Please use this identifier to cite or link to this item:http://hdl.handle.net/20.500.12105/13140
Autistic Adult Health and Professional Perceptions of It: Evidence From the ASDEU Project
Micai, Martina | Ciaramella, Antonio | Salvitti, Tommaso | Fulceri, Francesca | Fatta, Laura Maria | Poustka, Luise | Diehm, Robert | Iskrov, Georgi | Stefanov, Rumen | Guillon, Quentin | Rogé, Bernadette | Staines, Anthony | Sweeney, Mary Rose | Boilson, Andrew Martin | Leósdóttir, Thora | Saemundsen, Evald | Moilanen, Irma | Ebeling, Hanna | Yliherva, Anneli | Gissler, Mika | Parviainen, Tarja | Tani, Pekka | Kawa, Rafal | Vicente, Astrid | Rasga, Célia | Budişteanu, Magdalena | Dale, Ian | Povey, Carol | Flores, Noelia | Jenaro, Cristina | Monroy, Maria Luisa | Garcia-Primo, Patricia ISCIII | Charman, Tony | Cramer, Susanne | Warberg, Christine Kloster | Canal-Bedia, Ricardo | Scattoni, Maria Luisa | Posada de la Paz, Manuel ISCIII | Schendel, Diana
Front Psychiatry . 2021 May 28;12:614102.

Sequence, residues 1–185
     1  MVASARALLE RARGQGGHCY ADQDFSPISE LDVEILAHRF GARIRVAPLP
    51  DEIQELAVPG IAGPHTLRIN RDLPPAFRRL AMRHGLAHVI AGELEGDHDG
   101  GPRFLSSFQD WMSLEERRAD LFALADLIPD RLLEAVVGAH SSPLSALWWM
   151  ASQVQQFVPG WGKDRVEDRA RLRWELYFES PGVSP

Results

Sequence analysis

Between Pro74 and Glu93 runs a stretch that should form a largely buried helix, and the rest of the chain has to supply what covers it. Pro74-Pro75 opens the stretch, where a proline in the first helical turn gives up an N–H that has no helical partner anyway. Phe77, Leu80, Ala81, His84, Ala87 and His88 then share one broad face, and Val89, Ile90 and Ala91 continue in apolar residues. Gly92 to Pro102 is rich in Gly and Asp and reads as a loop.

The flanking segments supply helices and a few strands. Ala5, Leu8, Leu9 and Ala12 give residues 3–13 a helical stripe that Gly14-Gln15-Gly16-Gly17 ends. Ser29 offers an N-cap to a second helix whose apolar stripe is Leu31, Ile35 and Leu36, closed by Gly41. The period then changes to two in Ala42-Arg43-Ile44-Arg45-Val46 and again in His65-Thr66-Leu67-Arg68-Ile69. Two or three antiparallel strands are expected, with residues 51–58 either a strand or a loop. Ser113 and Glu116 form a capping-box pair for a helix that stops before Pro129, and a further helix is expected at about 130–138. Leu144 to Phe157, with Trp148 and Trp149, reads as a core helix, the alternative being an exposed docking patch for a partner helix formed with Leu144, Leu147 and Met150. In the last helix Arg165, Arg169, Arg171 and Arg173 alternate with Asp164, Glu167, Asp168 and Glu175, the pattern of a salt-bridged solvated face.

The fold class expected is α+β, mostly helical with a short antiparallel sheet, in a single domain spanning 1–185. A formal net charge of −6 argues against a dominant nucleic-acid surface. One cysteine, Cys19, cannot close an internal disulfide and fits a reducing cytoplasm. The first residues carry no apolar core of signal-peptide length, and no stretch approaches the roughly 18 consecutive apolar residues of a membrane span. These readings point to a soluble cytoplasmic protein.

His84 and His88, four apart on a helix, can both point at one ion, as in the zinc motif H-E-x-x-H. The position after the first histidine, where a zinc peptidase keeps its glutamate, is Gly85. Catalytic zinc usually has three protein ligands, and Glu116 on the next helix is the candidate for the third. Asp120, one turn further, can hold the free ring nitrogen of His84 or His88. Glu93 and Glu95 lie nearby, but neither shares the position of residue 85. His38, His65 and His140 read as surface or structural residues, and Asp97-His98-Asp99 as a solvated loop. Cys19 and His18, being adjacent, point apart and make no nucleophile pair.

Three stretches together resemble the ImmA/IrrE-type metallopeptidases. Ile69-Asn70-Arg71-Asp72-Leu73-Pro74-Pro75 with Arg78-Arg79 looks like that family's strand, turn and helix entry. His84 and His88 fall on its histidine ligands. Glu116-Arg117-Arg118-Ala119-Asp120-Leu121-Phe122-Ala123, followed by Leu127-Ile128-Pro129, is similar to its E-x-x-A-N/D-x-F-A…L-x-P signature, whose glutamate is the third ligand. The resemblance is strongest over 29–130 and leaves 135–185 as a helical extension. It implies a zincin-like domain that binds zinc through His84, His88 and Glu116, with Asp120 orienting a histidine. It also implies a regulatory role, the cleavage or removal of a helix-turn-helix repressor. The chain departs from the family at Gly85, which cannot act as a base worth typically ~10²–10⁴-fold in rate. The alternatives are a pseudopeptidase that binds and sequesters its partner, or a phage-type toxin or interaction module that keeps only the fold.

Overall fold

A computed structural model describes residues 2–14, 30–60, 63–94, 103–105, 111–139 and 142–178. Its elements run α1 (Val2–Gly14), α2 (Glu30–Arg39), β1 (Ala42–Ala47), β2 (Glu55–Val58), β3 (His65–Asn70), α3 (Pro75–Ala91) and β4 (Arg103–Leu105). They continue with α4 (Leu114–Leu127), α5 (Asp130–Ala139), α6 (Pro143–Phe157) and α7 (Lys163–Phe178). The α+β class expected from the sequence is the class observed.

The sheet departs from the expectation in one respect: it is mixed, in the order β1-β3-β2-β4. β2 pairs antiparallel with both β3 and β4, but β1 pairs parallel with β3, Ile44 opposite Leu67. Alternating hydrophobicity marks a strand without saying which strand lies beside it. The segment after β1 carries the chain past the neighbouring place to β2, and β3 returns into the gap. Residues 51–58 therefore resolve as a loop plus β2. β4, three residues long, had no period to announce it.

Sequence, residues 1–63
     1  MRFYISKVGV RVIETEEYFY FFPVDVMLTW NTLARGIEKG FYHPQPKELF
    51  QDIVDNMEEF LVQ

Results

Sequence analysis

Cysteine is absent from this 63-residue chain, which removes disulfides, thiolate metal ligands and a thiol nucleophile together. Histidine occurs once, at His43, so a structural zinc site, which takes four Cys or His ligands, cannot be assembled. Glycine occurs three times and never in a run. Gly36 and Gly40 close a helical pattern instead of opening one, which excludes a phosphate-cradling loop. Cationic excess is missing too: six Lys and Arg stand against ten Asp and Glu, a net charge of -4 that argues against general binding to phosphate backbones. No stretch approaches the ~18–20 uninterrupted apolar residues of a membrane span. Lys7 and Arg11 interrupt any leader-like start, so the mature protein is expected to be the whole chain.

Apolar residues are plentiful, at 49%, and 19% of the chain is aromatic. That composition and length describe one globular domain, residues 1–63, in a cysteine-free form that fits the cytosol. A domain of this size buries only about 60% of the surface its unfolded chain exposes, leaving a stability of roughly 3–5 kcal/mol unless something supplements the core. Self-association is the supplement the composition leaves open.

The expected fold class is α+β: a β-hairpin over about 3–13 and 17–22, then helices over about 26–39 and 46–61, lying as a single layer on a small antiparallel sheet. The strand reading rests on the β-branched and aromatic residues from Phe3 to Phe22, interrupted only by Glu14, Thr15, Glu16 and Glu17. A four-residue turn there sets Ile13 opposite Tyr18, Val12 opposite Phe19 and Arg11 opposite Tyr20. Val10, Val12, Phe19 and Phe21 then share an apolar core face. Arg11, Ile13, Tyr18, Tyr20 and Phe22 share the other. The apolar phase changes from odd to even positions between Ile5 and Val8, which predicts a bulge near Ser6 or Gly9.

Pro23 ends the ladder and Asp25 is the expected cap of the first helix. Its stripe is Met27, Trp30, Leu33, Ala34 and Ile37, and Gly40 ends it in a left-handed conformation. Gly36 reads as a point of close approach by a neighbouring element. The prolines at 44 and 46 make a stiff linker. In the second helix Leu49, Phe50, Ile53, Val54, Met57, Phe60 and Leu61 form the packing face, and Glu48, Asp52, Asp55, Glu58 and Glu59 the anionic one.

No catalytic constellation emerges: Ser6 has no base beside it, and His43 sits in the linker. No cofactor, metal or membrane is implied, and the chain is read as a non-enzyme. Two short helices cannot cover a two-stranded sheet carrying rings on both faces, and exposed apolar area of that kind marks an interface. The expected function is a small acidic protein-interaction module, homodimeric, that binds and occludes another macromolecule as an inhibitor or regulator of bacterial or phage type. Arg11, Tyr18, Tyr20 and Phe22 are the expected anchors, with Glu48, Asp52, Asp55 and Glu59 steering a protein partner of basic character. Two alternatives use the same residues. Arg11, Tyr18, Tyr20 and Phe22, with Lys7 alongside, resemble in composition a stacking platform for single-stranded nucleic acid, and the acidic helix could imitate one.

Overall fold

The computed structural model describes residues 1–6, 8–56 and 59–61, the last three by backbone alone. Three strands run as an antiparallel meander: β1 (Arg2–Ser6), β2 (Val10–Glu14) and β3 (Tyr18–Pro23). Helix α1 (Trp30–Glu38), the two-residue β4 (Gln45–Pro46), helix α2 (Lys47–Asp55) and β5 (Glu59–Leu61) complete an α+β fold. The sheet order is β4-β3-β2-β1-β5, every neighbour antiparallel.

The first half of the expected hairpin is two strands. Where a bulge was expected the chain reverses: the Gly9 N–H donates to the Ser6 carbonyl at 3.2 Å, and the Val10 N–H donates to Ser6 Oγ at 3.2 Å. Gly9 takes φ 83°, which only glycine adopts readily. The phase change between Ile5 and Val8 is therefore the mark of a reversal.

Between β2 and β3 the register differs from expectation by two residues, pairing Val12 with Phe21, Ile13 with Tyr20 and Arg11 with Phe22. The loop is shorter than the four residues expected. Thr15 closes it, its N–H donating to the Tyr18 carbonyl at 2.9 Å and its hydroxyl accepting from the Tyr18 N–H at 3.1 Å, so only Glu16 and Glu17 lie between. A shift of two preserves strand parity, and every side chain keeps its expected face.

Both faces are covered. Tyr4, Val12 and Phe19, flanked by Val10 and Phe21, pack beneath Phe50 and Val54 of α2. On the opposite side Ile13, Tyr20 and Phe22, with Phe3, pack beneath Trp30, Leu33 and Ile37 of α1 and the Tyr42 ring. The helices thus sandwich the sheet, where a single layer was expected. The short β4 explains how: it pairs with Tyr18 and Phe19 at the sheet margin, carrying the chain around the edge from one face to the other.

The Autism Spectrum Disorders in the European Union (ASDEU) survey investigated the knowledge and health service experiences of users and providers to generate new hypotheses and scientific investigations that would contribute to improvement in health care for autistic adults. An online survey designed for autistic adults, carers of autistic adults, and professionals in adult services was translated into 11 languages and distributed electronically by organizations and in-country adult service facilities in 2017; 522 autistic adults, 442 carers, and 113 professionals provided answers to the health questions. Professionals, the majority in non-medical services, appeared to be poorly informed about whether certain co-occurring conditions were more frequent in autistic adults than typical adults-especially some medical conditions, suicide attempts, accidents, and pain. A minority of autistic adults reported preventive health behaviors such as routine health check-ups. The majority of users and providers expressed the desire to make health care services more user-friendly for autistic adults. Among the three groups, <20% of responders knew an organization or clinician which has developed a way to monitor health, and prevent poor health, that works well for adults on the autism spectrum. The results point to means for better management of co-occurring conditions associated with autism in adulthood in order to reduce hospital admissions and potential areas of improvement in health and social services for autistic adults. Specifically, efforts should be focused on (1) professionals' education on risks for co-occurring conditions in autistic adults; (2) promoting preventive health behaviors; (3) making services user-friendly for autistic adults and their families; and (4) encouraging knowledge of good local services.